LACMA will be more in line with other museums, Michael Govan says. (Mark Boster, Los Angeles…)
The price of behind-the-scenes access at the Los Angeles County Museum of Art is going up. And some donors in the museum's oldest support groups are talking about dropping out.
The changes affect the long-standing art councils at LACMA, groups of art enthusiasts and professionals who currently pay a minimum of $400 a year in dues and organize projects to raise money for a favorite department, such as photography or decorative arts. The perks include access to private events featuring artists, curators or collectors.
This week, in the biggest overhaul of the system in decades, museum director Michael Govan announced that he was raising dues for members of all 10 councils to $1,000, which does not include a $250-level museum membership they must now purchase each year.
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Govan said the fee increase was long overdue. "This change will bring us more in line with other museums nationally," he said, citing higher dues at other museums in Los Angeles, Boston and New York. "To have an affinity group that has direct access to curators and artists, even at the new number, you could call it a bargain."
But several council members are calling it the opposite. Screenwriter Gloria Katz Huyck ("American Graffiti" and "Indiana Jones and the Temple of Doom"), who is chair of the 141-member photo council, described what amounts to a tripling of fees as "unconscionable" and "extremely short-sighted."
"Obviously, they are going after the big donors, and there will be no place for the small donor to participate any more," she said. "What it spells to us is elitism."
She noted that the photography council raised more than $100,000 last year and that members contributed artworks as well as enthusiasm and expertise. (She and her husband recently gave 250 vintage Indian photographs to the museum.)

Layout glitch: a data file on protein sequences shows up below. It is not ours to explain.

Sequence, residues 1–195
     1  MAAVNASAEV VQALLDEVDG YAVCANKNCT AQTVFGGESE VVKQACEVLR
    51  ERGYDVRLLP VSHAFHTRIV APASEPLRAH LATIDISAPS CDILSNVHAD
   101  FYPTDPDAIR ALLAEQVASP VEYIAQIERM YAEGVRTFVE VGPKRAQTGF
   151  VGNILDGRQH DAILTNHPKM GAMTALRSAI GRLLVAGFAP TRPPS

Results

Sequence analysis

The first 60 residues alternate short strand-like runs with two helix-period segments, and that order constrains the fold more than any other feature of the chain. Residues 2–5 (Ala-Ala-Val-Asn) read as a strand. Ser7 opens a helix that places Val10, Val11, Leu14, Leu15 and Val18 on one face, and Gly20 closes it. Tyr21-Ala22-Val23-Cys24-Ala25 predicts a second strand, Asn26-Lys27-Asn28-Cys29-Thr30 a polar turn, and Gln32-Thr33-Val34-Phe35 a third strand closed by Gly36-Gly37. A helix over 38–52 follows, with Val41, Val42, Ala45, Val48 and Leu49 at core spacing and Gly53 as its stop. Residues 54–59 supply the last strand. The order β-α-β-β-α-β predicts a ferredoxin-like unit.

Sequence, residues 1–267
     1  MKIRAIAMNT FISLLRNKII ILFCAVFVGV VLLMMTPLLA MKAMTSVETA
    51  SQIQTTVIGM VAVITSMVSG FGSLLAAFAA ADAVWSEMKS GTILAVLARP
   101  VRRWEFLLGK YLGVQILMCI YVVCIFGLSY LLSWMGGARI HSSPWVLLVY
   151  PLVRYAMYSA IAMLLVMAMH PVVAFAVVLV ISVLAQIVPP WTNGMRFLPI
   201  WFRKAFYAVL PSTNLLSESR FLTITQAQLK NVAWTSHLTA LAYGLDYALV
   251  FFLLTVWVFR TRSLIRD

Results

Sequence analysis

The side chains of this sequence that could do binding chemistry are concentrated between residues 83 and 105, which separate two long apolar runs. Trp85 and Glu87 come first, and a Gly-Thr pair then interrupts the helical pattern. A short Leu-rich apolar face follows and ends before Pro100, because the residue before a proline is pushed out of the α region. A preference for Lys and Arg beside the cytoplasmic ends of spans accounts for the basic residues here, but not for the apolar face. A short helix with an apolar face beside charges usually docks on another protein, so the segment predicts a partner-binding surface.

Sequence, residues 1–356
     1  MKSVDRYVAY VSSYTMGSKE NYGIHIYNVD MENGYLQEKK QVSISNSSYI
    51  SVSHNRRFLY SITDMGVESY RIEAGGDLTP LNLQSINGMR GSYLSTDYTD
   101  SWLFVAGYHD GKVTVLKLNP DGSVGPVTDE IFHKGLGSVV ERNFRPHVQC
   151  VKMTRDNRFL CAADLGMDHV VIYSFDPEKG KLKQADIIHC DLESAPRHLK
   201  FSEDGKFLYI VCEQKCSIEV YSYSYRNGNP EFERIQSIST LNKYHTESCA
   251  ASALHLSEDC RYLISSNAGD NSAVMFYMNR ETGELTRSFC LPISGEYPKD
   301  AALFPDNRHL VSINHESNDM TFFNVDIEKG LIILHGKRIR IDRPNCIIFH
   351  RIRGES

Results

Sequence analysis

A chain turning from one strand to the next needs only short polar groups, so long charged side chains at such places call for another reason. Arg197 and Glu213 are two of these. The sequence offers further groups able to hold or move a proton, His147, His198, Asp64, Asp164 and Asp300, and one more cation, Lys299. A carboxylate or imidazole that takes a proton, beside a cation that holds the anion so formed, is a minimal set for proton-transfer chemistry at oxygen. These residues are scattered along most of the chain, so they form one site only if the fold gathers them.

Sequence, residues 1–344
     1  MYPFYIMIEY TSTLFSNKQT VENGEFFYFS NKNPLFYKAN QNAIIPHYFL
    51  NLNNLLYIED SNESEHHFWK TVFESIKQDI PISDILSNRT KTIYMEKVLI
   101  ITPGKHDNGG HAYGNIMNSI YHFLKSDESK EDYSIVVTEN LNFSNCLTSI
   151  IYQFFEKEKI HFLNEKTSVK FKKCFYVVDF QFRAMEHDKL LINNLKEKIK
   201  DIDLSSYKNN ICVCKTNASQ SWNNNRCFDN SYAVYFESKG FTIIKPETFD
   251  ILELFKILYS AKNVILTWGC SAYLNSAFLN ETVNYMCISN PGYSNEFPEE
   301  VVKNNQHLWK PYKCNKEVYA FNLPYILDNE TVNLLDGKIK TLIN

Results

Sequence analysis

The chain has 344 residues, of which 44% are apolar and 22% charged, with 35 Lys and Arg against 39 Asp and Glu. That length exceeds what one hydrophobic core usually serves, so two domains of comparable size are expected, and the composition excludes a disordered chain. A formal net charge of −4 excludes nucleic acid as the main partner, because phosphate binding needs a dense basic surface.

"What they don't realize is that sometimes people of modest means have great collections," she said. "There are a lot of people on the council who bought major pieces in the 1960s or '70s, which they will now either sell or donate to the Getty."
Huyck said her group is discussing the possibility of legally separating from LACMA or supporting another local museum.
Cindy Canzoneri said the future of the costume council, which she chairs, is also uncertain.
"I'm afraid this will be the end of the costume council," she said of the group that has helped finance the museum's high-fashion acquisitions and exhibitions for nearly 60 years, raising some $200,000 in 2011. "This is heartbreaking. The way they've set this up, we will lose so many members. We will lose all the people who can't afford more than $400 and all the people who feel they aren't being appreciated."
Govan acknowledged that there could be a "significant" drop in membership short-term but said that he was "not worried" about the councils' survival. "They will continue to exist," he said.
He invited council members to a meeting Tuesday, where he described the changes as part of a larger rethinking of the role of these groups. They were instrumental in fundraising in the museum's early years before it even had a development office. Now, he said, it was important to make the system "simpler" and "more professional."
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As a nonprofit organization, he said, "we need our fundraising to be run in a more consistent manner through the development office." He explained that it was not "best practices for a large museum these days" to allow different groups outside their reporting structure to raise and allocate funds.
The plan includes dismantling the boards of the councils, leaving only a chairperson in place to help the department curator and development staff organize events. He also described a change in what the councils would do: organizing public events instead of private parties and focusing "more on education and the sharing of enthusiasm than acquisitions."
Currently, fundraising for acquisitions at the highest level takes place through the board of trustees. (Govan called LACMA's endowment for acquisitions "very tiny.") Only a few curators, like those for Japanese art and decorative arts and design, cultivate support from dedicated "acquisition groups."
Govan wants to encourage other departments to form these acquisition groups with $5,000 to $10,000 annual membership fees.
"Everyone who wants to play a role in this museum should be able to," said Govan.
If you have time but not money to give, he suggested, you can be a docent. "At $1,000, the primary mission is education and programming. At $5,000, it will be acquisitions," he said.
But the price hike seemed to rankle current council members more than the change in focus. As of last week, there were roughly 1,200 council members. About two-thirds of them pay dues at the $400 level. Others contribute $1,000 or $3,000 to receive additional benefits.
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